These 2 Facebook Myths could Ruin your Business

These 2 myths about Facebook could ruin your business!

Thankfully, after sharing about the worst advice on Facebook Marketing in January, a lot of those negative buzz have gone away.

But there remains a few black sheep among all of us – that also includes our inner black sheep, the desire to cheat the system just so that we can get quick and dirty results that make us look better for the time being.

 I understand the problem of the Internet. Because of the wealth of information online and how we need to choose what to read, we only focus on things that seem interesting and useful to us. This mismatch between demand and supply of information online means that you often need to craft a killer headline that grabs attention, sometimes at the cost of factual integrity. As someone who wishes to help others however, I prefer to err on the side of caution when it comes to offering advice.

 

Myth 1. Don’t look for teens on Facebook

Note: The discussion here involves only teens in US and Canada

popular Facebook guru recently advised her readers to not look for teens on Facebook. She believes that “Facebook is no longer the place where the cool kids are”.

Although she did cite good data about last year’s teen usage patterns as well as Facebook’s apparent silence about teen usage activities in Q4 2013 results, the truth remains that teen usage has only reversed for a single quarter. That data is hardly enough to support a downward trend.

Although Facebook decided to carefully omit announcements about teen usage in US, it does not necessarily mean that teens are leaving Facebook. Usage rates could be consistent and not worth mentioning, in my opinion., in the bigger picture of Paper’s launch and its stellar advertising revenue.

Data like these also misleads us. It makes us go crazy and become worried! But as so many of you have pointed out, we forget that those “young teens” are no longer young, and they have grown into older age group segments. The main problem with the figure remains multi-fold:

  1. Is Facebook cutting cost on acquiring new users in US and Canada after its growth spurt?; or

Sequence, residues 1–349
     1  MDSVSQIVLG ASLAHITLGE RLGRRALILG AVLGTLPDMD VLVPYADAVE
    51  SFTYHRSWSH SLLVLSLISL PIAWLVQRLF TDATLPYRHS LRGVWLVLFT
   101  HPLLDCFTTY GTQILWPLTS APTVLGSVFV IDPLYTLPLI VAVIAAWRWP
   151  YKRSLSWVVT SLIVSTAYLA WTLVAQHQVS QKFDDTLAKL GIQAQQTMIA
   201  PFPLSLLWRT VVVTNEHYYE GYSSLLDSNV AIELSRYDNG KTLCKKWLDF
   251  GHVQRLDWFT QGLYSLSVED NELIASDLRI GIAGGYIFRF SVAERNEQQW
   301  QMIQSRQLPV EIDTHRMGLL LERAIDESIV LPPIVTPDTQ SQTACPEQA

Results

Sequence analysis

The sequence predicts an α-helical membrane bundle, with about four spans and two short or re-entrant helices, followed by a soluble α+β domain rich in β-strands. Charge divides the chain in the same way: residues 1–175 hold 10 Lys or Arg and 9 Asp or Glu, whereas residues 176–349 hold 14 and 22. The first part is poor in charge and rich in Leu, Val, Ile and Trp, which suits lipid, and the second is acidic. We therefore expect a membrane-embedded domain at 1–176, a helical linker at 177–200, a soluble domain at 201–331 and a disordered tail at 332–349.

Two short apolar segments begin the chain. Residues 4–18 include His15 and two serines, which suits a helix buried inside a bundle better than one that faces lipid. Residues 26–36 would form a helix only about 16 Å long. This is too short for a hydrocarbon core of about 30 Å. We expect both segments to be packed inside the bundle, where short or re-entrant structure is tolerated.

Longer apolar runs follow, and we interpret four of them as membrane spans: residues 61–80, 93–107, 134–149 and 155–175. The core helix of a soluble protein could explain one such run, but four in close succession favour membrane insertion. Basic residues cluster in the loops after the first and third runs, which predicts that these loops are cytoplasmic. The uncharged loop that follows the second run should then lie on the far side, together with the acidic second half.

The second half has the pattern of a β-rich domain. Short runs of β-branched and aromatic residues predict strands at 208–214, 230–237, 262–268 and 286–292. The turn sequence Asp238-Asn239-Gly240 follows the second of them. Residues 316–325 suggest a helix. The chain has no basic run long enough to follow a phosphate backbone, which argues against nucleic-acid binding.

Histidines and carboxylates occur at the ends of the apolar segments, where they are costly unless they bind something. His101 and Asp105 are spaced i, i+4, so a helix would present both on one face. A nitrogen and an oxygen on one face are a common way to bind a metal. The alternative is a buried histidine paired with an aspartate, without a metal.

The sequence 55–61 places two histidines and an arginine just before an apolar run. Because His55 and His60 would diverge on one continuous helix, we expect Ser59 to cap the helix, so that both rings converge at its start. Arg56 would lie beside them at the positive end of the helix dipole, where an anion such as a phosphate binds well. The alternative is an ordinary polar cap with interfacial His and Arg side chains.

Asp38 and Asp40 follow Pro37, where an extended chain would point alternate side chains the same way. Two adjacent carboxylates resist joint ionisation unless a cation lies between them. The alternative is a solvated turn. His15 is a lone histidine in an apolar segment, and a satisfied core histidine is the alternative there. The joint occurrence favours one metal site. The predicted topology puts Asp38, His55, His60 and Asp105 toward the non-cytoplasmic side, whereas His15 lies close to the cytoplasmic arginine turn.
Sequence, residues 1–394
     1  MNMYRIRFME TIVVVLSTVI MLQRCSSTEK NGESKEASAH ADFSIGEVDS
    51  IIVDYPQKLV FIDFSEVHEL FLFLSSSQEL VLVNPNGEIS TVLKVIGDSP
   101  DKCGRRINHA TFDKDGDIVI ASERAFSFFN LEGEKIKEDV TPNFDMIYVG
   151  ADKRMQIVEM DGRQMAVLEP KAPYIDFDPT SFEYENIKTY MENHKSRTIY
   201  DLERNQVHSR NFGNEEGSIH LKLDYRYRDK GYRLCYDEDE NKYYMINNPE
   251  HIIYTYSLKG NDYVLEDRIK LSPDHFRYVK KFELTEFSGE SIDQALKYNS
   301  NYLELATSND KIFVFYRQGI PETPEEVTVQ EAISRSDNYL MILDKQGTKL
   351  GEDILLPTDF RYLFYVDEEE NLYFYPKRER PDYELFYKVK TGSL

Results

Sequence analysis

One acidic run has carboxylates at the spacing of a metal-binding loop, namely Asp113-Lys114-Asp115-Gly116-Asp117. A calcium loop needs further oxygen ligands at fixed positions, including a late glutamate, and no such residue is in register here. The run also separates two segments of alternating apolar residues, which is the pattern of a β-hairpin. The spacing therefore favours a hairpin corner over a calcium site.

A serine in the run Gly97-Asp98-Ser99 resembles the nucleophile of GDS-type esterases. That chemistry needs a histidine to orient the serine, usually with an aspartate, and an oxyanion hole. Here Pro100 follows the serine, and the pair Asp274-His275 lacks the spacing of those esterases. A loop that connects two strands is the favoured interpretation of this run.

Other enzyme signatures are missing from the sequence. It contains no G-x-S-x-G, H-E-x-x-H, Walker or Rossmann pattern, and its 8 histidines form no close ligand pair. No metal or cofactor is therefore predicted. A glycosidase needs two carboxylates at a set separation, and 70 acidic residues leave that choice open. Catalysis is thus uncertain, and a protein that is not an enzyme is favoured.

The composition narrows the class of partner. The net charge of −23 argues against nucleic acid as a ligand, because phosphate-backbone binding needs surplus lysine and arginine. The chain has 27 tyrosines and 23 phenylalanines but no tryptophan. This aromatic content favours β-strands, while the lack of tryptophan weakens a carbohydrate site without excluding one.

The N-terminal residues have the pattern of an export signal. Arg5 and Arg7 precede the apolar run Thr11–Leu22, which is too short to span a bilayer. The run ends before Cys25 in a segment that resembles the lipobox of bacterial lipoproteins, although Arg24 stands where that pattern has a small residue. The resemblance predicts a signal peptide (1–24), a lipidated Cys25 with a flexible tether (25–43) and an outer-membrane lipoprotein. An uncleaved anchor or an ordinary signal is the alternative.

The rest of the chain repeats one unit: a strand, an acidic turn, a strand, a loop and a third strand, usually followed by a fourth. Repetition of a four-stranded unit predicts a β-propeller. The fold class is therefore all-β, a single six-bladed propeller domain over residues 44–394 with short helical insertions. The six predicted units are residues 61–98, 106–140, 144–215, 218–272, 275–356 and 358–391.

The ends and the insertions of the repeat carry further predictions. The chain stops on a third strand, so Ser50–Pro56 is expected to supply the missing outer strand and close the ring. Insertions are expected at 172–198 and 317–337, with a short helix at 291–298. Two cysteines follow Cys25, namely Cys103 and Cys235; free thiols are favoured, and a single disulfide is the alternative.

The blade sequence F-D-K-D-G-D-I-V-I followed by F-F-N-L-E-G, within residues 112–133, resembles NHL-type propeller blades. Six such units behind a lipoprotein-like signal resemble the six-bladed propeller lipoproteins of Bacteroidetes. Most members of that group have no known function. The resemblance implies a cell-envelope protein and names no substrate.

2. Is it a double-edge cultural problem where parents are preventing their teenage children from signing up on Facebook and teens are leaving Facebook because their parents are policing them online?; or
  3. Has the minimum age policy turned its back on Facebook where an overwhelming number of children signed up as teens years ago and they have now grown into new age segments?; or
  4. Did US and Canada face the problem of having fewer children born in the last decade, translating into a smaller market for Facebook?

All of the reasons cited above could be true – I do not know. But I know what you should take away instead.

 

What you should take away instead: Reasons for using Facebook have changed

To offer a balanced view, I would recommend you to consider a different channel to reach teens if you are targeting them for the long-term. Although teens will not disappear into thin air (pun unintended), even if they remain active on Facebook and contribute to the DAU figures that Facebook always quote, I believe that Facebook has transformed into a utility for teens.

The problems teens faced have always been with self-expression. They need an environment that encourages self-expression, not oppress it. Parents’ presence do the latter.

The need to express oneself remains the prime reason for the growth of any social network that attracts teenagers.

As a utility, teens use Facebook to check updates of their friends, speak to their friends in private through Messenger (although alternative apps Whatsapp and Snapchat are more popular in this aspect), upload and share photographs with limited exposure, manage their privacy settings and friend lists. They also use it to log into other platforms through social logins.

They are more likely to upload pictures on other platforms like Instagram, while they will continue to upload photographs onto Facebook where a larger number of photographs makes it inconvenient for them to do so elsewhere. Moving forward, you can expect greater levels of integration between Instagram and Facebook, where photos and videos posted on Instagram can reach more users on Facebook, making Facebook the primary channel for discovering all sorts of content that one wants to see.

  • Maybe this is what Facebook wants to become: a place to discover all sorts of content